Teacher licensing a good start


Tuesday, August 28, 2018

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Recently , the Jamaica Teaching Council (JTC) announced its mission to have our nation's teachers licensed. This, according to the council, is an important means of “professionalising teaching”, and ensuring teacher accountability and quality.

Admittedly, a few years ago I opposed this move when it was fleetingly aired in the media. At that time I thought licensing would have done nothing but compound the already unreasonable demands of the teaching profession. However, today, after much careful thought and research, I feel and think differently.

If teachers are licensed it means that more of our educators would be motivated to undertake in-service professional development courses. These courses may be done in addition to the informal in-house staff training in our schools. At the end of each course, teachers could be given official certificates as proof of their completion.

This sort of continuous training for re-licensing should not be viewed as a punishing act. It would certainly fight against the self-damaging inertia that has seemingly caused a number of our teachers to retire from professional studies after obtaining their first diploma or degree.

Please note that in Finland, a country with an incredibly successful education system, teachers are highly trained and are expected to hold at least a master's degree. Even so, they are required to regularly participate in in-service training as part of the country's regime to continually improve teaching and learning.

Teacher licensing will also help to ameliorate the status of the profession. If teachers are continually vetted, and re-licensed on the basis of their proven competency, they will naturally command greater esteem. Yes, licensure is a mark of any true and noble profession.

What is more is that we would be able to trust our teachers and trust the standard of instruction that they offer to our children. We would know that in addition to their academic certification, they can actually deliver in the classroom.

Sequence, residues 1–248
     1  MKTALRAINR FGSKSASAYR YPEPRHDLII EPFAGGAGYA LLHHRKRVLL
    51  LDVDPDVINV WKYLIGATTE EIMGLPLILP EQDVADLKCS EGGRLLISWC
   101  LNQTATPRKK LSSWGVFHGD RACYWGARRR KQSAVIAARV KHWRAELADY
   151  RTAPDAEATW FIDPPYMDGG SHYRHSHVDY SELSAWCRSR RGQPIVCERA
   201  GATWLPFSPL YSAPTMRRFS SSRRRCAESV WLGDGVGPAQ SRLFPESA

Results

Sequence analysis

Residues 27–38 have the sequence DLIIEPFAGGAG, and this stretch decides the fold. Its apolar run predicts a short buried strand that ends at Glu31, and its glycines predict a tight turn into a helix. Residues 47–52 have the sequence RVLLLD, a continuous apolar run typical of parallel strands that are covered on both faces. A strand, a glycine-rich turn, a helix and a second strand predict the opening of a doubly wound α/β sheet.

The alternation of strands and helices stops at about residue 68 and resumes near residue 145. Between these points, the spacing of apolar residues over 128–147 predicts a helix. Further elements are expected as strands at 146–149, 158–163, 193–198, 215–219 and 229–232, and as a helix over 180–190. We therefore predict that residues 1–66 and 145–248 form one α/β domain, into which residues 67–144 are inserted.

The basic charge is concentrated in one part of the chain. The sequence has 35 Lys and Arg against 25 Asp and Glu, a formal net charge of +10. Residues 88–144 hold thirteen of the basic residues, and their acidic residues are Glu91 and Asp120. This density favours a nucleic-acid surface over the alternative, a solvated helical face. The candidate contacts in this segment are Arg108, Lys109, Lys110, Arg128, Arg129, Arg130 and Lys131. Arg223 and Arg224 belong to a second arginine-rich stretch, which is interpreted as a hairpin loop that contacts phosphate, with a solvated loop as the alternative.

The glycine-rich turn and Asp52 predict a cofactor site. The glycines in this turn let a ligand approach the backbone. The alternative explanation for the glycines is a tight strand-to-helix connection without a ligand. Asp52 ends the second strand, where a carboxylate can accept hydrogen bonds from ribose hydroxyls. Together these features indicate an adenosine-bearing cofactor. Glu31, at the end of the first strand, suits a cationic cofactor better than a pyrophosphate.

Necessary Considerations

Nevertheless, in order for the licensing of teachers to yield the tremendous good that we intend it to, the Ministry of Education must also play its part. First, the ministry must consider offsetting, in part or full, the cost of professional development courses that teachers may pursue as they seek to be relicensed every five years. If not, the ministry could design and deliver personalised courses that could help teachers, at individual schools, to effectively respond to the needs of their students.

Let me go ahead and suggest the first course: Teaching Students with Emotional and Behavioural Disorders. We simply cannot rely on special educators to treat with such kinds of students when so many of them comprise the general classroom. Teachers at traditional and non-traditional high schools would thus be enabled to create more inclusive classroom spaces, while advancing their potential for relicensing.

Second, the ministry would need to see about granting more of our teachers study leave so that they can pursue graduate level training and enhance their portfolio for relicensing. Importantly, teachers' salaries, following such training, should be made commensurate with their qualification. Believe me, more teachers would be motivated to pursue higher education. Moreover, at the end of the day, they would be better enabled to facilitate their learners.

Third, since relicensing will be dependent on the results of systematic appraisal, the ministry should further support schools in developing systems of teacher appraisal that are sensitive to the conditions of the individual institutions. For example, we cannot expect to rate teachers lowly for their failure to incorporate technology into their lessons when their schools are woefully under-resourced and ill-fitted for same. No, I am not legitimising or excusing the non-use of technology by some teachers. I am simply highlighting an uncomfortable reality, which, with greater financial prudence on the part of the Government, can be addressed through the retrofitting of our schools.

Licensing is not the elixir for all the shortcomings in our education system. It is, however, a start.

The myriad issues that can arise from the implementation of this teacher licensing policy can, as best as possible, be ironed out through a sustained and respectful dialogue between the ministry and our teachers.

Let us be dispassionate in our analysis. Better yet, let us think about the kinds of teachers that we want for our children.


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